In the present day, the Pagan tradition manifests both as communities reclaiming their ancient sites and ceremonies (especially in Eastern Europe), to put humankind back in harmony with the Earth, and as individuals pursuing a personal spiritual path alone or in a small group (especially in Western Europe and the European-settled countries abroad), under the tutelage of one of the Pagan divinities. To most modern Pagans in the West, the whole of life is to be affirmed joyfully and without shame, as long as other people are not harmed by one’s own tastes. Modern Pagans tend to be relaxed and at ease with themselves and others, and women in particular have a dignity which is not always found outside Pagan circles.
Modern Pagans, not tied down either by the customs of an established religion or by the dogmas of a revealed one, are often creative, playful and individualistic, affirming the importance of the individual psyche as it interfaces with a greater power. There is a respect for all of life and usually a desire to participate with rather than to dominate other beings. What playwright Eugene O’Neil called “the creative Pagan acceptance of life” is at the forefront of the modern movement. This is bringing something new to religious life and to social behaviour, a way of pluralism without fragmentation, of creativity without anarchy, of wisdom without dogma. Here is an age-old current surfacing in a new form suited to the needs of the present day.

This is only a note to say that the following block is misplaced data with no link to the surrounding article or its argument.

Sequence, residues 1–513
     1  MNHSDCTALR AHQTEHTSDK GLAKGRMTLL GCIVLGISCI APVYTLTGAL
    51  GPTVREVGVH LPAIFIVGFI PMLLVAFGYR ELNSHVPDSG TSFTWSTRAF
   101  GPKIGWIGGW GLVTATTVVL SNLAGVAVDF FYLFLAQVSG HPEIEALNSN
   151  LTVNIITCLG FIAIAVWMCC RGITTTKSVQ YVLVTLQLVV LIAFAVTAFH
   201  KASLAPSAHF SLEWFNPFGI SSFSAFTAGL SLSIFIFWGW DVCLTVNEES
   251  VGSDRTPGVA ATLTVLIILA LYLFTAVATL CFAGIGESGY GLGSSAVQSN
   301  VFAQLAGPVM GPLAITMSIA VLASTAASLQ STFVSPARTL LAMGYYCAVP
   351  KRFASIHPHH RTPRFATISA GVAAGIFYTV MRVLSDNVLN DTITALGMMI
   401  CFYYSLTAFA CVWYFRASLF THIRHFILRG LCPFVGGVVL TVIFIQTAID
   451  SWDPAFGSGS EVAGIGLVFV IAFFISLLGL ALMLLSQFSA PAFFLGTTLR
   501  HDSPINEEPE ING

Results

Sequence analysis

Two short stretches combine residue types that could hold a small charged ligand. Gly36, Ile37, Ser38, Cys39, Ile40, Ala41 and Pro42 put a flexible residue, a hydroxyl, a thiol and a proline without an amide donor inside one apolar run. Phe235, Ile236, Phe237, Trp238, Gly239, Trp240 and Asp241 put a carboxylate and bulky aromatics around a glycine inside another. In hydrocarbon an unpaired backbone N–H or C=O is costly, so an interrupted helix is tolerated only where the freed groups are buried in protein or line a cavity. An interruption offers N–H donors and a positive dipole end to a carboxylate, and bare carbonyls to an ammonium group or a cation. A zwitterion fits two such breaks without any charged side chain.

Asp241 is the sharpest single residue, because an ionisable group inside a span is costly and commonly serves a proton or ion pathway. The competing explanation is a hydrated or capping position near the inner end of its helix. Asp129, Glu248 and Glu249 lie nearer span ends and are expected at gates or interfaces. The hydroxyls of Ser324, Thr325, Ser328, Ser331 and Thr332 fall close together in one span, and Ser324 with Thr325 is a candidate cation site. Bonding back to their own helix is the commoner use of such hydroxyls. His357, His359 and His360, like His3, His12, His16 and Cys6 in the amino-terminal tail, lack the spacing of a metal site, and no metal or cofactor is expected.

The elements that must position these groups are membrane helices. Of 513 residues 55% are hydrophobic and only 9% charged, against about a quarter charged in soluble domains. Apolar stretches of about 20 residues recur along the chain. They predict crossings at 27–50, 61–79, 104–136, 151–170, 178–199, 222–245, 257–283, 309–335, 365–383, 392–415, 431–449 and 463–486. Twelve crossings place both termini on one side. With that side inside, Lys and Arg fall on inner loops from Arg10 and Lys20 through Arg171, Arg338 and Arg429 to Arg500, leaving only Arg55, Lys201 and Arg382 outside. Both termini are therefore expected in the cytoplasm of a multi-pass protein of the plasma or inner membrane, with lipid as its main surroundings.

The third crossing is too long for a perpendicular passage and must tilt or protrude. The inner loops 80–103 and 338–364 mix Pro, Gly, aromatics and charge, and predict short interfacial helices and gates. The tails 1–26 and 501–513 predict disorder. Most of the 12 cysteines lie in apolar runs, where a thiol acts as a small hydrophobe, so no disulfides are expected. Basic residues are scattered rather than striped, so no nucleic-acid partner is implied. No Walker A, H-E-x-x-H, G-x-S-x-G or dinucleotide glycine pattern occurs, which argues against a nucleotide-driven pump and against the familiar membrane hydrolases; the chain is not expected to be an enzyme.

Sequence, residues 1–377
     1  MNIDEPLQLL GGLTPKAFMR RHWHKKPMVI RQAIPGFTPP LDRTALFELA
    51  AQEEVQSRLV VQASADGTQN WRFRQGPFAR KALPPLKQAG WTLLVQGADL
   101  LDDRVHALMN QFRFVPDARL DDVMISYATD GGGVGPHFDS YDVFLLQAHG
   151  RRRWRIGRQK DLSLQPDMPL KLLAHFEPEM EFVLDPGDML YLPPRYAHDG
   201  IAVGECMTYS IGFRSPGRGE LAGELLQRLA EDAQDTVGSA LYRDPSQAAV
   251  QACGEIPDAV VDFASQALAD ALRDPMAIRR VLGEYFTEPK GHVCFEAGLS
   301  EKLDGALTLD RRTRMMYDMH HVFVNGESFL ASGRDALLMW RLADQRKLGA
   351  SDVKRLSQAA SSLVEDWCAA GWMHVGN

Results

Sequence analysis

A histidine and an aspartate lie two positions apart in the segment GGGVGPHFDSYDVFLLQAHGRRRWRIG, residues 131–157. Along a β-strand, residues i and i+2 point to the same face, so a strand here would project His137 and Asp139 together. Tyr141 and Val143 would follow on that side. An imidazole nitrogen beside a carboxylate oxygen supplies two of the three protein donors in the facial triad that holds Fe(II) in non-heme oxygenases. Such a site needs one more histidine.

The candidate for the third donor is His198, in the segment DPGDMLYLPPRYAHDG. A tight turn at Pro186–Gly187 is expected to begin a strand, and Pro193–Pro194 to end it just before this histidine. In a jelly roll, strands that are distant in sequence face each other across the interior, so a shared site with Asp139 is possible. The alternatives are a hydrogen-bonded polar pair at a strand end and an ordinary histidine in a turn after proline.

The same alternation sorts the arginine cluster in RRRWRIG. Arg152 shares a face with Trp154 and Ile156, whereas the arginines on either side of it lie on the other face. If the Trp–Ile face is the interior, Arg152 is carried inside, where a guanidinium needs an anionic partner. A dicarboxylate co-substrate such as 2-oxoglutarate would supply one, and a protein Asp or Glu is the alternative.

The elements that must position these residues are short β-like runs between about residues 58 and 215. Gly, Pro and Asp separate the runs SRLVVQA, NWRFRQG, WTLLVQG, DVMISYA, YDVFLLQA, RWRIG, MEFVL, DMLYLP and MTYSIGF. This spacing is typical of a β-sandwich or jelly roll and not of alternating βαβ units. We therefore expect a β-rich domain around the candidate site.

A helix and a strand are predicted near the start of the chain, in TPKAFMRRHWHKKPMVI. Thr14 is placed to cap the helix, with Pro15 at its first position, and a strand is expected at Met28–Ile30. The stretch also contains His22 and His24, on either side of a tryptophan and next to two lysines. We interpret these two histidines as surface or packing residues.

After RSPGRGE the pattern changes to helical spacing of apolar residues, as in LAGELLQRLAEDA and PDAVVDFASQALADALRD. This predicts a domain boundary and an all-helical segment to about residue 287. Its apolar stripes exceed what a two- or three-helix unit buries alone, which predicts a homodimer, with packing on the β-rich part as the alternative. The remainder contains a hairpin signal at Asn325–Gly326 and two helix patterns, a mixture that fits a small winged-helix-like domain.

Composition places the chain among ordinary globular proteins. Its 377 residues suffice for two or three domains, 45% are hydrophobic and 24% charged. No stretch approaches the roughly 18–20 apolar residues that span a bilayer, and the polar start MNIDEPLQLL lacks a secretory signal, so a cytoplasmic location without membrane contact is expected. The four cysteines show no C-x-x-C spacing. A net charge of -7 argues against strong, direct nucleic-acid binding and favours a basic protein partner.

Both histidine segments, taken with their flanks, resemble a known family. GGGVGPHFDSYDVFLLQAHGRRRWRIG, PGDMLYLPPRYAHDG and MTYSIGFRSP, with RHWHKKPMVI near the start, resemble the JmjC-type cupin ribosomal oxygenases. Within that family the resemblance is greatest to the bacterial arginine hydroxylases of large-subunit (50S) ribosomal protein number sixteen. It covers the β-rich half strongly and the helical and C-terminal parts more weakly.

Credit to The Pagan Federation